Incendiary Circumstances: A Chronicle of the Turmoil of our Times

Front Cover
Houghton Mifflin Harcourt, Apr 23, 2007 - Literary Collections - 320 pages
1 Review
"An uncannily honest writer." —New York Times Book Review

The novelist and journalist Amitav Ghosh has offered extraordinary firsthand accounts of pivotal world events over the past twenty years. He is an essential voice in forums like The Nation, the New York Times, the New Republic, Granta, and The New Yorker. Incendiary Circumstances brings together the finest of these pieces for the first time—including many never before published in the States—in a compelling chronicle of the turmoil of our times. Incendiary Circumstances begins with Ghosh’s arrival in the Andaman and Nicobar islands just days after the devastation of the 2005 tsunami. We then travel back to September 11, 2001, as Ghosh retrieves his young daughter from school, sick with the knowledge that she must witness the kind of firestorm that has been in the background of his everyday life since childhood. With a prescience born of experience, Ghosh warned decades ago of the dangerous rise of religious extremism. In his travels he has stood on an icy mountaintop on the contested border between India and Pakistan, interviewed Pol Pot’s sister-in-law in Cambodia, shared the elation of Egyptians when Naguib Mahfouz won the Nobel Prize, and stood with his threatened Sikh neighbors through the riots following Indira Gandhi's assassination. With intelligence and authentic sympathy, he "illuminates the human drama behind the headlines" (Publishers Weekly). Incendiary Circumstances is unparalleled testimony of an era defined by the ravages of politics and nature.

Amitav Ghosh is acclaimed for his political journalism and his travel writing. The New York Times Book Review called his travelogue, In An Antique Land, "remarkable . . . rivals anything by the masters of social realism in modern Egyptian literature." He is also the best-selling author of four novels, including The Hungry Tide and The Glass Palace, which has been published in eighteen foreign editions. Ghosh has won France's prestigious Prix Medici Etranger, India's Sahitya Akademi Award, the Arthur C. Clarke Award, and a Pushcart Prize. Educated in South Asia, the Middle East, and the United Kingdom, Ghosh holds a doctorate in social anthropology from Oxford. He divides his time between Harvard University, where he is a visiting professor, and his homes in Kolkata, India, and Brooklyn, New York.

Praise for Incendiary Circumstances

"This absorbing collection of essays by the novelist, journalist, and travel writer Ghosh . . . covers some two decades of catastrophe and upheaval, from sectarian violence in his native India during the 1980s through the September 11 attacks . . . to the recent Indian Ocean tsunami. With an eye for evocative detail, he illuminates the human dramas behind the headlines: the plight of tsunami refugees trying to rebuild their lives and finances after every bank record and piece of ID is lost to the waves; the courage of ordinary Indians protecting their Sikh neighbors from rampaging Hindu mobs . . . He is equally engaging when he turns from current affairs to literary essays on, say, the international culture of novel reading or the Kashmiri poet Agha Shahid Ali. Written in luminous prose with unusual understanding . . . an insightful look at a chaotic world."—Publishers Weekly Starred Review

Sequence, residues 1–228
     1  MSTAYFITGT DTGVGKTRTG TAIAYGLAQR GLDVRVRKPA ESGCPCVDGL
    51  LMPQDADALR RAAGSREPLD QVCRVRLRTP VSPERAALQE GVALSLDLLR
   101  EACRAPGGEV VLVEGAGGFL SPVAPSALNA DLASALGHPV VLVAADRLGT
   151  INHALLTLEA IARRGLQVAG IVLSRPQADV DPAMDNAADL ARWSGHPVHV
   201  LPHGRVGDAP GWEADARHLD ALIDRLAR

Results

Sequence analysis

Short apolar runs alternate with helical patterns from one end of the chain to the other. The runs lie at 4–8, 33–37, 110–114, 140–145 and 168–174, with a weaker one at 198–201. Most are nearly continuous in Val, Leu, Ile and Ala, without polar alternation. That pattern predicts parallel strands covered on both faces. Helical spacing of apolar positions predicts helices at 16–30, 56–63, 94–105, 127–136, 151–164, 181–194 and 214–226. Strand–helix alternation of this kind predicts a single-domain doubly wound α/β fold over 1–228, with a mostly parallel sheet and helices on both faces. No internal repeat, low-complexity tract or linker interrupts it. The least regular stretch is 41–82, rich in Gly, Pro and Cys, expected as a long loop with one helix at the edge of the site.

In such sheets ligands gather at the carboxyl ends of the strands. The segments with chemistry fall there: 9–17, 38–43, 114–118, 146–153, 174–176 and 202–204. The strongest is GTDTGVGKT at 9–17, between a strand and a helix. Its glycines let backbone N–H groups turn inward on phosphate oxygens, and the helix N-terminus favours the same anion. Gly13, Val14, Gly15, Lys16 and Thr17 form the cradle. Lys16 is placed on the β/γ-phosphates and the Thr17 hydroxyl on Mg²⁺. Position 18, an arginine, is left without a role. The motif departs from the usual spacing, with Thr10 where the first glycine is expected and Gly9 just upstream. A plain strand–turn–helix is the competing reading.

Praise for Amitav Ghosh

"Ghosh is adept at delineating the complicated crosscurrents of emerging national independence movements. He is even more impressive at portraying the different ways in which individuals react to the turmoil, hardship, and disorientation wrought by war.”—Wall Street Journal

"A wonderful hybrid of travel writing, reporting, historical analysis, and memoir – in other words, the kind of piece [Ghosh] writes better than almost anyone else.”—Washington Times

What people are saying - Write a review

INCENDIARY CIRCUMSTANCES: A Chronicle of the Turmoil of Our Times

User Review  - Jane Doe - Kirkus

Travels in antique—and heavily armed—lands, many of them on a collision course with the American Empire.Calcutta-born novelist (The Hungry Tide, 2005, etc.) and journalist Ghosh opens this ... Read full review

LibraryThing Review

User Review  - bezoar44 - LibraryThing

A collection of essays. A few are lighter mood pieces; most are substantive and nuanced. Standout essays include 'Countdown' (1998), on the nuclear arms race between India and Pakistan; 'The March of ... Read full review


The Town by the Sea
Imperial Temptations
September 11
The Greatest Sorrow Times of Joy Recalled in Wretchedness
The Ghat of the Only World Agha Shahid Ali in Brooklyn
The March of the Novel Through History The Testimony of My Grandfathers Bookcase
The Fundamentalist Challenge
The Ghosts of Mrs Gandhi
An Egyptian in Baghdad
Dancing in Cambodia
The Human Comedy in Cairo
Tibetan Dinner
Four Corners
The Imam and the Indian

Petrofiction The Oil Encounter and the Novel
At Large in Burma

Other editions - View all

Common terms and phrases

About the author (2007)

Amitav Ghosh was born in Calcutta in 1956 and raised and educated in Bangladesh, Sri Lanka, Iran, Egypt, India, and the United Kingdom, where he received his Ph.D. in social anthropology from Oxford. Acclaimed for fiction, travel writing, and journalism, his books include The Circle of Reason, The Shadow Lines, In an Antique Land, and Dancing in Cambodia. Ghosh has won France’s Prix Medici Etranger, India’s prestigious Sahitya Akademi Award, the Arthur C. Clarke Award, and the Pushcart Prize. He now divides his time between Harvard University, where he is a visiting professor, and his homes in India and Brooklyn, New York.

Bibliographic information